This is a graph of marine air temperature anomalies over the past 150 years. Five different marine air temperature anomaly datasets from different sources are compared on the one graph.

This is a video overview of the history of climate science, with the goal of debunking the idea that in the 1970s, climate scientists were predicting global cooling.

This video is simple in its appearance, but it contains a wealth of relevant information about global climate models.

This static image from NOAA's Pacific Marine Environmental Laboratory Carbon Program offers a visually compelling and scientifically sound image of the sea water carbonate chemistry process that leads to ocean acidification and impedes calcification.

This straightforward calculator provides conversions from one unit of energy to the equivalent amount of CO2 emission expected from using that amount.

This video provides an overview of how computer models work. It explains the process of data assimilation, which is necessary to ensure that models are tied to reality. The video includes a discussion of weather models using the Goddard Earth Observing System (GEOS-5) model and climate models using the MERRA (Modern Era Retrospective Analysis for Research and Applications) technique.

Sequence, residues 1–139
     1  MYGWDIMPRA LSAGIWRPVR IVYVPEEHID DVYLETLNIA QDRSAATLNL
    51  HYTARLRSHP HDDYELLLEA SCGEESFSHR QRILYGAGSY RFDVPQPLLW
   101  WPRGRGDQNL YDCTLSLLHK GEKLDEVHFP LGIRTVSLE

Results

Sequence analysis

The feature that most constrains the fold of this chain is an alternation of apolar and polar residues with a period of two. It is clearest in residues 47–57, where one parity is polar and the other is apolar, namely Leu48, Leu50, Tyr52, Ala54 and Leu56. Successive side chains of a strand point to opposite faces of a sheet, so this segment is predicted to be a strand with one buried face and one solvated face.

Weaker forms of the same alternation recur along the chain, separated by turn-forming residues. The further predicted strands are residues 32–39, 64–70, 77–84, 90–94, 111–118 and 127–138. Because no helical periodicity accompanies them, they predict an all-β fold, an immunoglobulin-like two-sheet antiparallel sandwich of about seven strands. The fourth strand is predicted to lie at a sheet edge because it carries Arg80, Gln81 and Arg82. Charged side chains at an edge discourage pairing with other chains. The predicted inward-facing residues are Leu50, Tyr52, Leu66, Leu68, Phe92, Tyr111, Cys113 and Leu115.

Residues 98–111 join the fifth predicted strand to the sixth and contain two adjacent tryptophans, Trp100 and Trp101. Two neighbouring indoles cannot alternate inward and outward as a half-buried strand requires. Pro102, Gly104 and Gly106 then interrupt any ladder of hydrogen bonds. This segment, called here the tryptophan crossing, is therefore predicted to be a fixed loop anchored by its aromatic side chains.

This video is a segment from the Switch Energy Project focusing on energy security. Switch Energy Project is a multi-pronged effort designed to build a balanced national understanding of energy.

This is a figure from the 2007 IPCC Assessment Report 4 on atmospheric concentrations of carbon dioxide, methane and nitrous oxide over the last 10,000 years (large panels) and since 1750 (inset panels).

This video highlights a variety of current climate change research initiatives from scientists at the University of Colorado, Boulder. It describes the changing dynamics of Antarctic ice sheets and glaciers and the impacts of reduced Arctic sea ice on people, animals, and global albedo and sea levels, while providing a glimpse of the excitement of this field research through interviews and video clips of scientists in the field.

In this activity, students use Google Earth to investigate a variety of renewable energy sources and select sites within the United States that would be appropriate for projects based on those sources.

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